> individual investors. Infoseek also will issue another 3.1 million
> shares of stock to the independent Starwave shareholders. Additionally,
> Infoseek agreed to spend $165 million on promotional efforts with
> Disney.
> Executives of the three firms said that a brand new portal will be
> launched later this year and will be backed by a $50 million marketing
> blitz in 1999. The companies would not say what the new site would look
> like or what it would be called, though Disney's January registration of
> the domain name "" suggests a possible moniker.
> Jake Winebaum, chairman of Disney's Buena Vista Internet Group, said in
> a conference call that the deal "provides Infoseek with the rocket fuel
> to take it to the next level" in competition with powerful foes Yahoo
> and Excite.
> Infoseek chief Harry Motro said that for his company, the logic of the
> deal came down to the power of the brands it is combining. "There is
> only one Disney. There is only one ABC. There is only one ESPN," he
> said. "You simply won't find this combination of strengths in any other
> Web company."
> Some investors were not pleased with terms of the transaction. In
> exchange for just $70 million in cash and the divestiture of so-far
> unprofitable Starwave, Disney acquired some $770 million worth of
> Infoseek stock, based on Thursday closing stock prices.
> Disney's hand over of Starwave represented a hefty premium over the $250
> million Disney reportedly spent to buy the company in April.
> Infoseek shares initially surged on the news, but settled back as
> investors re-evaluated the deal. In early Nasdaq trading, its shares
> jumped as much as $7.50 to $42, but it closed at $35.12, just 62 cents
> above the previous day's close.
> Infoseek executives said they got a good deal.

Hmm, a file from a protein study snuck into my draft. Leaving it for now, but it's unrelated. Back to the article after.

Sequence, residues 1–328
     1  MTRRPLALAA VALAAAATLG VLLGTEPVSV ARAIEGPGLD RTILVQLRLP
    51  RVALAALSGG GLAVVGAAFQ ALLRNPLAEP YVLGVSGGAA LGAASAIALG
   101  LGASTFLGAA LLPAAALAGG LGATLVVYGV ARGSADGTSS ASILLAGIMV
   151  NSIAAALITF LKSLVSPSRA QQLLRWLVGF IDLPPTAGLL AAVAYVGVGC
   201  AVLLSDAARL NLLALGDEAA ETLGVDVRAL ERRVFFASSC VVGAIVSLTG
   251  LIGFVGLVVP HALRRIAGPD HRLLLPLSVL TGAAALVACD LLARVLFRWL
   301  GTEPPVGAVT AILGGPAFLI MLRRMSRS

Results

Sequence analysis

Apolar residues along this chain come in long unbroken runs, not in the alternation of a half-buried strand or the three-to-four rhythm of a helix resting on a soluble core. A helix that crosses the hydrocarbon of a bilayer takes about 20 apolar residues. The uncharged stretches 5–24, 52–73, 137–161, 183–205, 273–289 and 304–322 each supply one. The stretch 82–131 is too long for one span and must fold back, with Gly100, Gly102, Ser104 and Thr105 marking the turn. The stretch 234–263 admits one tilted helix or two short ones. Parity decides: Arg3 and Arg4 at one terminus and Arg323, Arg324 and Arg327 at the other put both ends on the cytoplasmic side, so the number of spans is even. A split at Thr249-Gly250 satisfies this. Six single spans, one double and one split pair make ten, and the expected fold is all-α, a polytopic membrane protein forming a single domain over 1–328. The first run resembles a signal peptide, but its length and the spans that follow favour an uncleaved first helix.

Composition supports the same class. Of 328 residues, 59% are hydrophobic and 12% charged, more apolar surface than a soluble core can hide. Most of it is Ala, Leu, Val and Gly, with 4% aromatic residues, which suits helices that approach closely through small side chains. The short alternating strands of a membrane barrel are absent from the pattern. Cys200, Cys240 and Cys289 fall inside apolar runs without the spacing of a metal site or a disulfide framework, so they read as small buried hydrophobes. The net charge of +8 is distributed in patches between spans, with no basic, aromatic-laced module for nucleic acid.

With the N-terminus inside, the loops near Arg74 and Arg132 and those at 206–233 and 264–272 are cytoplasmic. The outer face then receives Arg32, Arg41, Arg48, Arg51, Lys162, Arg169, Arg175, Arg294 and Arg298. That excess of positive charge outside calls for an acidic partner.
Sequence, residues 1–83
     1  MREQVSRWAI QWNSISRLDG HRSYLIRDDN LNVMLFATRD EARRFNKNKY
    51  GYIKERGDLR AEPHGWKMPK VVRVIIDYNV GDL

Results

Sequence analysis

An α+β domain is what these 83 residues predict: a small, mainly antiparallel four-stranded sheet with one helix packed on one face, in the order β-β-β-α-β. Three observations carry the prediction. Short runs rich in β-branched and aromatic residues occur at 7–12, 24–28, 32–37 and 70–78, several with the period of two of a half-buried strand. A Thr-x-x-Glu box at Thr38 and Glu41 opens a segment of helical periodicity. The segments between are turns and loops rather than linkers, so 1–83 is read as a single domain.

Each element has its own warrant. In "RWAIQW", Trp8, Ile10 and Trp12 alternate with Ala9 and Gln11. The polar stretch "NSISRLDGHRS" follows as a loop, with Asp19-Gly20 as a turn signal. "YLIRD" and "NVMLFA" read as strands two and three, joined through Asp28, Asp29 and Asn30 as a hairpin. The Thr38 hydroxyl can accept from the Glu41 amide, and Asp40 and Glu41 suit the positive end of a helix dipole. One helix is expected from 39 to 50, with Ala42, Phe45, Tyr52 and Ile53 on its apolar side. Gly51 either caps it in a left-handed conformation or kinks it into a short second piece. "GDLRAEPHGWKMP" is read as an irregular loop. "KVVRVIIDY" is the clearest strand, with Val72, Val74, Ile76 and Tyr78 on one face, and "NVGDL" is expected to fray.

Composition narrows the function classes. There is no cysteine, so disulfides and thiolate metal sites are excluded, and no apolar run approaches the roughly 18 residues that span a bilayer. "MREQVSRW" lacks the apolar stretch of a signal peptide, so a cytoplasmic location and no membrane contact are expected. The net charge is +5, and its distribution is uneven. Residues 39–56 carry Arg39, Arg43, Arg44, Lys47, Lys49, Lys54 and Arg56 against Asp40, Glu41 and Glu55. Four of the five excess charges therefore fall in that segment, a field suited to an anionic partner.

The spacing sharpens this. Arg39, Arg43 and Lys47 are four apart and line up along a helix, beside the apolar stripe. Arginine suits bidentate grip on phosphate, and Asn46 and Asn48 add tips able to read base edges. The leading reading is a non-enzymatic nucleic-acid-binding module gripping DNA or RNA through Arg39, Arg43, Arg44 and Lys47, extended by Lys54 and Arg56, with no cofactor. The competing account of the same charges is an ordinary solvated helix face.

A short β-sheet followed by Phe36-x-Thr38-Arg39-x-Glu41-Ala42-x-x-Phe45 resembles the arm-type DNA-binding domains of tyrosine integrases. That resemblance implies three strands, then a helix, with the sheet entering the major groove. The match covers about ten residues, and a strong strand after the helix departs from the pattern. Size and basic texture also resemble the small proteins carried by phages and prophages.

> "In the end, no matter how the deal shakes out, no matter what the value
> is, there's one simple fact -- there's only one Disney," said Todd
> Friedman, Infoseek's investor relations spokesman. "You have to look at
> your prospects 10 years in the future. Disney guarantees that future."
> Analysts said Disney's purchase makes sense. Traditional media companies
> are interested in getting a big chunk of the $1 billion of advertising
> being spent on the Internet each year.
> "They're setting themselves up to be the TV network of tomorrow," said
> Vernon Keenan, an analyst with Zona Research.
> The Disney transaction came a day after reports that AT&T (T) attempted
> to buy America Online (AOL) for more than $19 billion. There is growing
> speculation that more portal acquisitions are in the offing.
> "We're in the middle of a feeding frenzy here," said Keenan.
> The recent spate of deals may also put pressure on the portals that have
> pledged to remain independent. Infoseek, with the backing of Disney, is
> vastly more threatening to leaders Yahoo (YHOO) and Excite, analysts
> said.
> "These portals need media partners," said Chris Charron, analyst at
> market researcher Forrester Research. "The scale of resources required
> to compete in the portal space is jumping up by orders of magnitude.
> These guys are going to need help."